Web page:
This is why you are still paying for childcare while its closed

How we live and work today is different than how we did it a week ago. So how we manage childcare has changed, too. I’m trying to make sure I talk about your biggest questions – the things that keep you up at night right now. And childcare and what it’s costing you while not using it is a big one. 

I talked with the CEO of the Georgia Childcare Association. She explains why your childcare provider is still billing you. Listen with an open mind. 

“Childcare services aren’t being greedy when they ask you to pay this tuition. Childcare is a very thin margin business much like grocery stores,” Ellen Reynolds told me. 

With more than 400 licensing regulations, running a center is very expensive. 

“Most childcare facilities, because it’s such a thin profit margin, don’t have several months of reserves in the bank. At most, they have enough to get them through four weeks. “

Your monthly fee today is to help the center re-open when this pandemic subsides. 

The CEO of the state’s childcare association added, “They are helping us to pay teachers so we can stay open after this crisis is over. And so far, childcare centers have been on their own. There is no insurance that covers this."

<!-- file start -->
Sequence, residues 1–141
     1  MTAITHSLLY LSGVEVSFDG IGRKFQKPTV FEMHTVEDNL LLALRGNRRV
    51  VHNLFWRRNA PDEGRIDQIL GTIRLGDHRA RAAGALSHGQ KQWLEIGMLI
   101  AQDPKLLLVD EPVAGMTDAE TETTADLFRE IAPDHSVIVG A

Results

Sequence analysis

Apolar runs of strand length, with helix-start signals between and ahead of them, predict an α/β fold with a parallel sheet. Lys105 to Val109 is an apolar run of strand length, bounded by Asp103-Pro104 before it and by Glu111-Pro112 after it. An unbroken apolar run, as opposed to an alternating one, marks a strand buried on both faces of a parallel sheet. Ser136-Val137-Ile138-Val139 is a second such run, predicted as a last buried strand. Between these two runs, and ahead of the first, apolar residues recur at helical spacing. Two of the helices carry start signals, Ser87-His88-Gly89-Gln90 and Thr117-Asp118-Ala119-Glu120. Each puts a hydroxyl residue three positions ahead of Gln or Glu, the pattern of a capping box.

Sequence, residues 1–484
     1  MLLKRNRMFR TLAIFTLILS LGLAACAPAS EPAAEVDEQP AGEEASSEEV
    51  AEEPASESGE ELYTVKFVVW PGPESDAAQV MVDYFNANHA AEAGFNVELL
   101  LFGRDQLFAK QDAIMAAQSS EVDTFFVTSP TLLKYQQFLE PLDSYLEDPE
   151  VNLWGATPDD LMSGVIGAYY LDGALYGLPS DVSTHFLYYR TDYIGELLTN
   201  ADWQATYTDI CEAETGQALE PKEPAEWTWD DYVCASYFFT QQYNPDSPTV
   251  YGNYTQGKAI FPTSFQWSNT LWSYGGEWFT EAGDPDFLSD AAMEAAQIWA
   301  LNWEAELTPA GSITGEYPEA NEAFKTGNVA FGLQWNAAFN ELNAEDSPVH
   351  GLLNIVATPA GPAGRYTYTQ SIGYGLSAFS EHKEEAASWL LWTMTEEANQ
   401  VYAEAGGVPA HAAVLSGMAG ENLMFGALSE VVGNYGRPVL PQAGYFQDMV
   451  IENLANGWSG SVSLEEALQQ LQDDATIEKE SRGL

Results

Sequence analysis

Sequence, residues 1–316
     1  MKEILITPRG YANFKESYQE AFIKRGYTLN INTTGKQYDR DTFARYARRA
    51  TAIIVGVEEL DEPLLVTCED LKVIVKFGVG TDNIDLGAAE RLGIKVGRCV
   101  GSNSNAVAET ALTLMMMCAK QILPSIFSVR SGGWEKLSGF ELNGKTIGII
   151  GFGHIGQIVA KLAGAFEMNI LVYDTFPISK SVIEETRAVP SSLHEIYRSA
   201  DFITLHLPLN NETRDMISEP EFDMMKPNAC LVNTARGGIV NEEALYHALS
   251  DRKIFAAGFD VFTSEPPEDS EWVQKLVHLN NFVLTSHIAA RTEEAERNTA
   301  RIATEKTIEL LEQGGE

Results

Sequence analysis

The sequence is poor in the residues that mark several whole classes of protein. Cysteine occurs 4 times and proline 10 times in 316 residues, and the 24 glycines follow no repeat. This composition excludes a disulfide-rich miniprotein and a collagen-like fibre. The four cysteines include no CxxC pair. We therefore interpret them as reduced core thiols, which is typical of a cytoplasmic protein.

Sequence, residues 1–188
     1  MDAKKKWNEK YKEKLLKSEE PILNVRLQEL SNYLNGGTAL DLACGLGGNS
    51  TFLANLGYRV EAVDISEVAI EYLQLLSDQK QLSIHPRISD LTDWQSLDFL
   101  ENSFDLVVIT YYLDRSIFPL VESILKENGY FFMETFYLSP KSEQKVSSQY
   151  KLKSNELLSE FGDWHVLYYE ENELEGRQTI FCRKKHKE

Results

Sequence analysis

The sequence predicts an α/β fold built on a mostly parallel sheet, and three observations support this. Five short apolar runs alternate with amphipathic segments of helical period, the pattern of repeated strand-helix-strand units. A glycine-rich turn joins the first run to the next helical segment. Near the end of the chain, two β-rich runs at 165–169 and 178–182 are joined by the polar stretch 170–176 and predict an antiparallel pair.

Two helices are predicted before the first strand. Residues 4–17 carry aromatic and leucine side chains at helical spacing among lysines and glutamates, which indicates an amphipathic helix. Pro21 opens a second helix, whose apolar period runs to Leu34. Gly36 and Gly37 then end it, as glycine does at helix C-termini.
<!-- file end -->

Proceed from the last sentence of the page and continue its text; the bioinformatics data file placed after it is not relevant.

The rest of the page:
Yep, you read that right. Their insurance won’t cover COVID-19 closures. 

“The business insurance that most responsible childcare owners have does not cover pandemics.”

Additionally, your monthly payment is holding your spot for when we can return to brick and mortar buildings. 

“If we don’t have the tuition to keep those childcare centers open, you will see up to 50 percent of those childcare centers close. And there won’t be a spot for your children, and if there is, it’ll be really expensive because of the scarcity of centers,” Reynolds told me in a Zoom interview. 

Even those many big, brand name childcare centers are independently owned, so they are not under a big cash umbrella. 

And remember, their costs aren’t the same either. They’re looking for hand sanitizers and toilet paper, too.  

If you have lost your job or have decreased income, don’t just stop payment. Reach out. Tell them. Even a partial payment can save your spot and save the center.